Kia ora koutou,
For some time I’ve thought there is a relationship between spirituality and self-harm / suicide. However there is very little discussion, at least at in the public sphere, about this aspect of causes. Below is another study suggesting this relationship.
The influence of spirituality and religiousness on suicide risk and mental health of patients undergoing hemodialysis.
Despite the large amount of literature assessing how spiritual and religious beliefs have an impact on mental health and suicide risk in various groups of patients, few studies have investigated patients with chronic kidney disease (CKD). The purpose of this study is to investigate whether spirituality and religiousness (S/R) are associated with the presence of suicide risk as well as whether those beliefs are also associated with the presence of mental health problems in patients undergoing hemodialysis.
Cross-sectional study carried out in three Brazilian dialysis units involving hemodialysis patients. The study assessed religiousness (Duke Religion Index); spiritual well-being (FACIT-Sp 12); mental health – depression and anxiety (Mini International Neuropsychiatric Interview-MINI); and risk of suicide (MINI). For analysis, adjusted logistic regression models were applied.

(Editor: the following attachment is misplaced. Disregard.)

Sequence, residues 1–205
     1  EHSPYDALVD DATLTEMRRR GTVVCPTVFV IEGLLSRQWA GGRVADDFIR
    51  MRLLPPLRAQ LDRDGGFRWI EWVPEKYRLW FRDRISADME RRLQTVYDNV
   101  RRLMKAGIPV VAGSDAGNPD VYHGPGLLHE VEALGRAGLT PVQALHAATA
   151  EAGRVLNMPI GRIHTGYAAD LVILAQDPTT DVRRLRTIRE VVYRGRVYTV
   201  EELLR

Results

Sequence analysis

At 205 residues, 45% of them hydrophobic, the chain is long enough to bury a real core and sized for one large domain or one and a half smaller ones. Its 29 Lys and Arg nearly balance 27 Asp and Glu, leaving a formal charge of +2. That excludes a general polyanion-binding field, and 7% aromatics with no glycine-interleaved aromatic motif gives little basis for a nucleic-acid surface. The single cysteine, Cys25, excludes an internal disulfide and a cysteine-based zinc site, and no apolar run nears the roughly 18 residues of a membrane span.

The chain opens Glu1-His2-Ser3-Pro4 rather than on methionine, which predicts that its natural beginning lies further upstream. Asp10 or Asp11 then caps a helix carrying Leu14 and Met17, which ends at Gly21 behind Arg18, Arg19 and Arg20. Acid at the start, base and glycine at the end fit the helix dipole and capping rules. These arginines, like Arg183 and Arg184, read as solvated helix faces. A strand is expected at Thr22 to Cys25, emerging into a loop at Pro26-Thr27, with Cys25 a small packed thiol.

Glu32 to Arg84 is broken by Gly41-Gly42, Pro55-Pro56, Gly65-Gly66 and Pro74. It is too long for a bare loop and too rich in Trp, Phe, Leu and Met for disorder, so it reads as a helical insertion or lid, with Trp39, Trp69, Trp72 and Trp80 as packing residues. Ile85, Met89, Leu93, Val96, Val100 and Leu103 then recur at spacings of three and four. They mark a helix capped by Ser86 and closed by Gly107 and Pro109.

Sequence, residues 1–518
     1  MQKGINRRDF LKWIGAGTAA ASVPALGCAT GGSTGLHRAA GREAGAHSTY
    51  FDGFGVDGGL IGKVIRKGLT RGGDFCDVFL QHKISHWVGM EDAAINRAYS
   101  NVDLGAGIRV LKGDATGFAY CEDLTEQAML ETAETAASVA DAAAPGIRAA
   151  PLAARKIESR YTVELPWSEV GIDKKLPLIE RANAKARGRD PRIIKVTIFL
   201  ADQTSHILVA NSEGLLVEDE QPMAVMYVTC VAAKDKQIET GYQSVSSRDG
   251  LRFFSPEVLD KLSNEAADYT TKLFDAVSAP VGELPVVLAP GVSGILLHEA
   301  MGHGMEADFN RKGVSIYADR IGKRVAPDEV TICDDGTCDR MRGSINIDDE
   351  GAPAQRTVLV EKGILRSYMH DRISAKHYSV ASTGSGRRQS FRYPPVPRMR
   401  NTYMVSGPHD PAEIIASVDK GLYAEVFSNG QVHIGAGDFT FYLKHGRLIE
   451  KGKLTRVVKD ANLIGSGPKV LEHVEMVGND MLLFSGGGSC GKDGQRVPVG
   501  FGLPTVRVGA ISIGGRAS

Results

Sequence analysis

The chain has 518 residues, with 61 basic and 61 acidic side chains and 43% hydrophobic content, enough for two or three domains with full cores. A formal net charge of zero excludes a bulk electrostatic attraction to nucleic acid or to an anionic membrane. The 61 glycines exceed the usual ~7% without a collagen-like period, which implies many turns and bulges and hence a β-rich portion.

A total of 264 (80.7%) patients were included, 17.8% presented suicide risk, 14.0% presented current major depressive episode, and 14.7% presented generalized anxiety disorder. Concerning spiritual well-being (FACIT-Sp 12), the subscale of “Meaning” was associated with lower risk of suicide, depression, and anxiety. The subscale “Peace” was associated with lower depression and anxiety, whereas the subscale “Faith” was associated with lower suicide risk and depression. Religiousness measures were not associated with the study outcomes.
Spiritual beliefs were associated with lower suicide risk and better mental health among hemodialysis patients. Factors related to spiritual well-being, such as “meaning”, “peace” and “faith” were more associated with the outcomes studied than religious involvement. Further studies are needed to replicate our findings in different cultural and religious settings.
Copyright © 2017 Elsevier Inc. All rights reserved.